Why were the reparations imposed on Germany the worst provision of the Treaty of Versailles?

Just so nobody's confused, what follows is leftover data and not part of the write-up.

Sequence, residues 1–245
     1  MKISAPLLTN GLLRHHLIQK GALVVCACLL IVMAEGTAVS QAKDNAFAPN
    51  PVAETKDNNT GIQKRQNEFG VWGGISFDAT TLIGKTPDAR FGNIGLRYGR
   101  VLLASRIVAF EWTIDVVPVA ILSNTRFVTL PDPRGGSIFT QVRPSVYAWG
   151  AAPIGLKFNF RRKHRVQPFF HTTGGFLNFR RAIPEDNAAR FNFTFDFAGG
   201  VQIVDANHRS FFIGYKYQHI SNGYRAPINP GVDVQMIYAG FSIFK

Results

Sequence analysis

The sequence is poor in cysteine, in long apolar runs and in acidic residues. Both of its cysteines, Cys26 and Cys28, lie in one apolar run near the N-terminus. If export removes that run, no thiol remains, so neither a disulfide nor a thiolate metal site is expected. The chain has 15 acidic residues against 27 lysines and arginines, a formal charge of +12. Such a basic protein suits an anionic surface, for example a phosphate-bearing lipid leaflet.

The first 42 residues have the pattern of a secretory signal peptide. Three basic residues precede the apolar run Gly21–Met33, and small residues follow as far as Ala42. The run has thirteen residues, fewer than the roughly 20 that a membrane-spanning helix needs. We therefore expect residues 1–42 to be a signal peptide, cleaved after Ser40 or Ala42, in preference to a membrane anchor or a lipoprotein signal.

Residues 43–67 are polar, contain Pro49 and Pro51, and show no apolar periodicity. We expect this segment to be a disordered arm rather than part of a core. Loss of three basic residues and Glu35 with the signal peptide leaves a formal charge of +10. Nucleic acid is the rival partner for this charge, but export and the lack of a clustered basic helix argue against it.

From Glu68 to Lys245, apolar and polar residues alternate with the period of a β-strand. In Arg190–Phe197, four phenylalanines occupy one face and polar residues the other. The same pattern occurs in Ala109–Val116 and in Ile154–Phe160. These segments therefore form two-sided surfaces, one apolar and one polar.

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Which provision of the Treaty of Versailles was the worst is a matter of opinion. Some might argue that stripping Germany of several territories, including the coal-rich Saar Valley, for example, or even the limits placed on the German military (but not on those of France) were the worst provisions. The reparations imposed on Germany after the war certainly encapsulated the spirit of the Treaty, which was extremely punitive on Germany, which, by signing the treaty, accepted full blame for the war. The reparations were economically ruinous. While an exact amount was not stipulated in the Treaty, the payments imposed on Germany totaled more than 20 billion dollars in today's money, a sum the war-ravaged nation could not possibly pay. Attempts to meet the reparations' demands caused the value of the German Reichsmark to spiral downward rapidly, creating severe inflation. Germany's failure to pay reparations on schedule poisoned the postwar environment, as France occupied German territory in the early 1920s. While American bankers fostered a renegotiation of the terms of the reparations following the crisis, the existence of reparations remained a thorny issue between the two nations.